Tuesday, January 19, 2016

Steven Universe Segments 7 and 8: All New, All Similar Steven Universe

Influence mongering is a weakness of critics. You see, if a show is a sum of influences, then criticism of those influences is sufficient to criticize the new show. After all, original thought is difficult enough that it should always be avoided by a critic. Plus, claims of influence are a dangerous speculation onto the innards of a strange human's mind. I recall writing a story once, a story about a man who turned off all the lights in his house. When I looked back on it, I could see through the poorly worded garbage the influence of Edgar Allen Poe, Nicolai Gogol and Joseph Conrad. I had read all those works, but when I wrote I didn't think of them once. Are they an "influence"? What does that even mean?

That being said, the obvious biggest influence on Steven Universe is The Simpsons. Steven Universe is too original (uh oh) to just be The Simpsons, but with more action, but the point remains. In this episode, we meet the young woman who seems to be in the Lisa Simpson mode, Steven's first love interest Connie. I say all this hoping that long time fans are laughing.


Okay, even if The Simpsons is the biggest influence on Steven Universe, and it is, Connie could be just as influenced by Khannie from King of the Hill. I don't know. She's obviously going to be Important (TM), because she is given such prominence in the opening credits. I suppose of I'm gonna be a hack reviewer, I might as well go full hack and give an overview. In this episode, Steven inconveniences his love interest Connie briefly but is so sweet about it that she forgives him.

Simple descriptions don't imply simple writing. This episode had to jump through so many hoops its amazing they could fit it in 11 minutes. This episode had to: advance the metaplot (meeting Connie, establishing that yes all the monsters have a gem, introducing Steven's bubble), have a coherent internal plot ("Steven inconveniences his love interest Connie briefly but is so sweet about it that she forgives him"), have a straightforward emotional thrust (Connie learning to trust Steven) and maybe even some comedy ("funky flow"). If Steven Universe has a weakness, then it is that in stretching out to do so much, comedy is often sacrifice. This episode should have been full of physical humor and I was in a mental state likely to appreciate physical humor. Yet this episode fell flat. Connie seems like a nice girl, but she isn't quick with a quip and this episode isn't any quicker with laughs. This isn't a murder mystery, we are meant to laugh at Steven's ineptness. But there just ... isn't that much to it. The episode looked good, the music was alright... But why? Did these people really have to work so hard to make this?

Serious Steven

Segment 2 was "Serious Steven", a Steven and Garnet episode. Steven and the other Gems find an dungeon they have to defeat in a strawberry field. Yeah Beatles. Garnet is usually a font of hilarity, what could be funnier than someone who takes our absurd world seriously? This episode suggests "Anything" as an answer to that, it is as funny as buggery.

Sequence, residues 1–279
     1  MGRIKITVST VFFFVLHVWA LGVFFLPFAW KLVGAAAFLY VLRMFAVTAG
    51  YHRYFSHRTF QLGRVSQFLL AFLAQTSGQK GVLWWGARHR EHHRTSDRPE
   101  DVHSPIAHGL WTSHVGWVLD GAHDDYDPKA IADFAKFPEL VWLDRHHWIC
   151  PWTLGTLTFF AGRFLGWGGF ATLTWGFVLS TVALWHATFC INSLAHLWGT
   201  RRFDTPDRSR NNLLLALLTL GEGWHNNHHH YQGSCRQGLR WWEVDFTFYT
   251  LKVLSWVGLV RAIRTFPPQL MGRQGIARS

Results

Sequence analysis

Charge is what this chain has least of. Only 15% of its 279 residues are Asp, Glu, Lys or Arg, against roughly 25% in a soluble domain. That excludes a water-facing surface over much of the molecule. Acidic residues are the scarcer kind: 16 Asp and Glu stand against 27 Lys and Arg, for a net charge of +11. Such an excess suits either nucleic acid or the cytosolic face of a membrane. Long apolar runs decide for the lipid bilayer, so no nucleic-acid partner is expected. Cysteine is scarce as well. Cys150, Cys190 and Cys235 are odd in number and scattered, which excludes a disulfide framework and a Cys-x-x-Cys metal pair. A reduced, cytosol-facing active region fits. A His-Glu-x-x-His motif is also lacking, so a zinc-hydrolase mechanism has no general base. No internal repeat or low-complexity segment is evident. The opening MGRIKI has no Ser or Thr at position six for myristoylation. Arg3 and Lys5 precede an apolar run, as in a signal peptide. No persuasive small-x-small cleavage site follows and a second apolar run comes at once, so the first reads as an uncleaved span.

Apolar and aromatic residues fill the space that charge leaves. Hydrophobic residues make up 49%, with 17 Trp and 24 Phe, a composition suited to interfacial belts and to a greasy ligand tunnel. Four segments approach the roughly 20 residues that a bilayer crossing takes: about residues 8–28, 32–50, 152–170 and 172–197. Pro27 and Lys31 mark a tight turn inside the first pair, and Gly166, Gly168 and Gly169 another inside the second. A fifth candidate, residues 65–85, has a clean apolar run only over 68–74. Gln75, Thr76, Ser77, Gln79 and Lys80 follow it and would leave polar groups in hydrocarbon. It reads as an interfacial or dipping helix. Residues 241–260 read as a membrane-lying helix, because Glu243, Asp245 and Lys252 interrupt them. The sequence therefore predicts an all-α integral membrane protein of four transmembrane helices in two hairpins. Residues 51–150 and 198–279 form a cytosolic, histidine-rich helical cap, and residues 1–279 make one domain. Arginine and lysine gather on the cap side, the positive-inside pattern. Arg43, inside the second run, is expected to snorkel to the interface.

Of course, buggery is pretty funny and this episode provides a couple laughs. The characters in this episode claim that this is Steven's first mission. Apparently the superior episode "Cheeseburger Backpack" just doesn't count. My guess is that these were written out of order and "Serious Steven" was supposed to be a precursor to "Cheeseburger Backpack". The lesson here is identical: Steven's unorthodox POV is actually helpful on a mission in small doses. One could argue this episode makes that lesson sticks better by giving Steven and the other Gems a straight ending, if you liked to be wrong. The ending of "Cheeseburger Backpack" cut through the treacle, "Serious Steven" lies at the bottom of the Dormouse's treacle well.

Albert Einstein

Also, why couldn't the other Gems notice they were in a non-inertial frame of reference? Are they just supposed to be so tough they don't notice the forces around them? And the strawberry fields were very over-the-top, but Pearl implies this is part of Earth. Do strawberries just grow as big as watermelons in the SU Earth?

Princess Zelda, Navi the fairy and commoner adventurer Link

I did like the set piece in "Serious Steven". It was an inverted pyramid that worked according to Legend Of Zelda logic, but with puzzles that aren't quite so creative. Is Steven like The Hero Of Time? Probably not, I couldn't imagine Steven going around stabbing folks as is the main occupation of our man Link. Steven and Garnet solve these puzzles non-conventionally, but not so non-conventionally as to be independently interesting. I guess it is nice to know that Garnet is over-leveled for these missions.

The reviews for these segments are overly negative. They were the first segments to just be kind of okay, which makes them look bad in comparison to - for instance - "Cheeseburger Backpack". Really, I shouldn't intervene in SU's funky flow. As the number of constraints on these episodes goes down, the episodes themselves will likely improve. Though I'm not giving numerical ratings, I think you can tell I didn't like these as much as the last ones. What can I say but "strawberry fields forever~"

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